Women facing homelessness in retirement

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Single women approaching retirement are at increasing risk of homelessness in Australia. Without a home or enough savings to pay rent, many face a desperate future in which a dignified retirement is out of reach.

Welfare group Anglicare released the State of the Family report in October 2015, which showed many single women are experiencing homelessness for the first time in retirement. According to the report, women at retirement age have 57 per cent less superannuation than men – which leaves them particularly financial exposed, especially if there is a relationship breakdown in later life.

Confronting an age old problem

Not-for-profit organisations like the Women’s Property Initiatives (WPI) provide affordable housing for disadvantaged women. Their CEO, Jeanette Large, says “the housing crisis women are experiencing in their later years is a direct consequence of the financial inequality they faced during their lives.”

“Our society should not accept that older women face homelessness because of the gender inequality that existed throughout their lifetime. Many worked when superannuation was not compulsory, took time off as primary carers for their children or only worked part-time,” says Jeanette.

Jeanette points to a slippery slope for single women when they reach retirement age. They may have been renting while they had an income, but once they depend on the aged pension they can no longer afford it.

“Single women without a home have to look at the private rental market, which is totally unaffordable on the aged pension. They face a bleak future,” says Jeanette.

Caitriona Fay, National Manager of Philanthropy and Non-Profit Service at Perpetual notes the social return of investment focus that some philanthropists take can work against housing projects.

“In philanthropy we talk a lot about funding to put the fence at the top of the cliff rather than an ambulance at the bottom.  In this case, the fence at the top means as a society we need to address a number of issues around gender equality.

But for many women at retirement age, addressing the gender pay disparity doesn’t change the immediate housing needs they face in retirement. We can’t support these women unless we address the bricks and mortar issue and ensure affordable housing is ready and available.”

Falling through the net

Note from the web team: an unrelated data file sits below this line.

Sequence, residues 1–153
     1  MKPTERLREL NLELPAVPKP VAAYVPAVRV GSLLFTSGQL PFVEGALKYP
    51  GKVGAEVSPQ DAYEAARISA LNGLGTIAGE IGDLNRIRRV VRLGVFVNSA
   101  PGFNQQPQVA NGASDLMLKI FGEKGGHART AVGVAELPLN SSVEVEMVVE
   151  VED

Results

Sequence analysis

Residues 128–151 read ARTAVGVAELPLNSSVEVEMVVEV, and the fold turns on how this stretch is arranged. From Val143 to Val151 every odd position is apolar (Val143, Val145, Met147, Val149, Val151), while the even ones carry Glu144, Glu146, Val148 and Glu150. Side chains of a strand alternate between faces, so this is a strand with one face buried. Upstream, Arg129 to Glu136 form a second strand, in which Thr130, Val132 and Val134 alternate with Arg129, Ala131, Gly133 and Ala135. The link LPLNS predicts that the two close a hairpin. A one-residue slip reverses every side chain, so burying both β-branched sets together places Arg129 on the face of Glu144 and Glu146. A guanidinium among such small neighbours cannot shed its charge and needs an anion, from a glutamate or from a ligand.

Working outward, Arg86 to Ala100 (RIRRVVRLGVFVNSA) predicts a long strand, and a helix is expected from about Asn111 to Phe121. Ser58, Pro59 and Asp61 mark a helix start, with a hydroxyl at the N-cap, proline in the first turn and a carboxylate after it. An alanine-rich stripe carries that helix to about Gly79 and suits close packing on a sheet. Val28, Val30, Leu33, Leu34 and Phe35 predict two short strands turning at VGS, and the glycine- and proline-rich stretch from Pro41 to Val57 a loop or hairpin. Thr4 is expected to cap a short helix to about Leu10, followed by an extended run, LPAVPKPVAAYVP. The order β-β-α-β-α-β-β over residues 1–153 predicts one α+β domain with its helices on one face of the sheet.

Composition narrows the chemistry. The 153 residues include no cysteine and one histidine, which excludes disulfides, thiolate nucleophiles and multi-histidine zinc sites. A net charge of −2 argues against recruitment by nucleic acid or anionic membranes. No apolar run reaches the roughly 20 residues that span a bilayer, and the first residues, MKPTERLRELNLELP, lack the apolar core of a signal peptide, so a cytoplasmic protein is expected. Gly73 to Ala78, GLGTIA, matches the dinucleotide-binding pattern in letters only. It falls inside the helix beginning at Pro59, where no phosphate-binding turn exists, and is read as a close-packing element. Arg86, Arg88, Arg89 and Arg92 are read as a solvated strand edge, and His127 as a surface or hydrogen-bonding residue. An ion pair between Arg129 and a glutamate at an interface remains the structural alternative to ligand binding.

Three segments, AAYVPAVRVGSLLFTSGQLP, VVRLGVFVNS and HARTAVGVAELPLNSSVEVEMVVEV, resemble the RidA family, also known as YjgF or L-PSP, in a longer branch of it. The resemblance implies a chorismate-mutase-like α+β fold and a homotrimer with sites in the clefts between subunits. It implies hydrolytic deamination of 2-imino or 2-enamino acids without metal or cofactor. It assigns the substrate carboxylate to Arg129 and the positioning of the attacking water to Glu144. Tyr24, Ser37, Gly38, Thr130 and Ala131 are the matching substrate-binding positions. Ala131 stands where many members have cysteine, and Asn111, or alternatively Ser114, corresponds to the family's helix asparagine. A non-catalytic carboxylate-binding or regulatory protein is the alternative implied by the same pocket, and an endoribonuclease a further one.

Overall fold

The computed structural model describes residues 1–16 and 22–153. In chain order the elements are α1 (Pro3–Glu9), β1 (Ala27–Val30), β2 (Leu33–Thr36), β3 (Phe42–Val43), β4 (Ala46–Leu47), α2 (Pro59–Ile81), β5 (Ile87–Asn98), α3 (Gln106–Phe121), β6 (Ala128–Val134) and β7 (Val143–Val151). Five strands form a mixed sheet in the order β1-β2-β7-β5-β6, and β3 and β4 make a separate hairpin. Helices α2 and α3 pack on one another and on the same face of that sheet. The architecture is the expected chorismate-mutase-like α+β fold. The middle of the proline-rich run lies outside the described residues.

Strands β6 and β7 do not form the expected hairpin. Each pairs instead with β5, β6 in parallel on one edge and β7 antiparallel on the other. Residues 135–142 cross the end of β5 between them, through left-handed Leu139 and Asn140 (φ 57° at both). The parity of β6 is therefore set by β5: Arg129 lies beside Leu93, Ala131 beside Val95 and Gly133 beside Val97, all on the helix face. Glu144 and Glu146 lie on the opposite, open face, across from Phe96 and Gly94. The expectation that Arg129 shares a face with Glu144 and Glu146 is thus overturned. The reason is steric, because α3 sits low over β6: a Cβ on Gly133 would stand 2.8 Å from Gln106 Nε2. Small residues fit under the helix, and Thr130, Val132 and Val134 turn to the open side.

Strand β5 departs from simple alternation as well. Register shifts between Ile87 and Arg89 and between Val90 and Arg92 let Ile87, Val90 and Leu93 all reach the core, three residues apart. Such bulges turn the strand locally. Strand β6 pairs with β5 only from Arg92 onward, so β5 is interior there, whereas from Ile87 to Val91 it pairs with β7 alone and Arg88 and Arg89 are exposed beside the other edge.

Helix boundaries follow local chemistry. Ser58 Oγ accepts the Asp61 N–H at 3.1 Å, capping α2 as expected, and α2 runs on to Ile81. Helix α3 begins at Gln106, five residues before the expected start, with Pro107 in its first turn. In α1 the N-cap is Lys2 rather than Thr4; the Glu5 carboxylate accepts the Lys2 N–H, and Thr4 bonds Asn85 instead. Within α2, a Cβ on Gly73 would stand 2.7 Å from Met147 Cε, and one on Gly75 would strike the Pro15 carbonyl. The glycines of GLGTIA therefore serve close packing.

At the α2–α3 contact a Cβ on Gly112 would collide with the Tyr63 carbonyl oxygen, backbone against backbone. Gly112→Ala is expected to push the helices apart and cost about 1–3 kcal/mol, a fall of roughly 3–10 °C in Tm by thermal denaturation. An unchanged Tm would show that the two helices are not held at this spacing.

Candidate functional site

WPI works with the private, public and not-for-profit sectors to develop high quality and affordable housing for women. Women qualify for help if the value of their assets falls beneath a specified threshold. But for those above the threshold, Jeanette sees many lose their financial security within a few years of retirement.

“There is a group of older women who are falling through the net. They are not eligible for our assistance because of their assets, but they don’t have enough to purchase a home. So they turn to the expensive private rental market and watch what savings they did have disappear. Before long they are staring down the barrel of homelessness, with the overwhelming stress and uncertainty that brings,” says Jeanette.

Shared equity model

WPI is currently investigating the feasibility of a shared equity scheme for single, older women. The initiative is to work with women who have some assets at retirement age, but not enough to purchase a home. Rather than depleting their savings in the private rental market, they can leverage what they have to purchase a home in partnership with WPI.

“A shared equity model could be the answer for these women. It will allow them to maintain and potentially increase their equity, while paying low-cost rental to a community housing organisation like WPI to offset costs. The outcome for the woman is safe, secure, good quality and affordable housing for as long as she needs it,” says Jeannette.

Pamela IMPACTPamela relaxing in her secure and affordable apartment where she looks forward to living comfortably into her old age. Image supplied by Women’s Property Initiatives.

WPI is currently developing a financial model for a shared equity scheme and will be seeking funds to pilot the program.

One brick at a time

Jeanette points out that contributing to “bricks and mortar” construction does not carry the price tag people may think because contributions of all sizes are aggregated.

“Contributions of all sizes build a house – it could fund a window, a bathroom or the kitchen cupboards. There are many building blocks to community housing that require financing which means people can contribute at different levels. The end result is a permanent construction that transforms the lives of disadvantaged women, and that’s something everyone involved should feel proud of.”


Caitriona Fay agrees, “Aside from supporting the large or small components of a build, people can directly fund organisations that are working with government, increasing their capacity to assist. With the right mix of fences at the top of the cliff and ambulances at the bottom, hopefully we can address this issue for good.”

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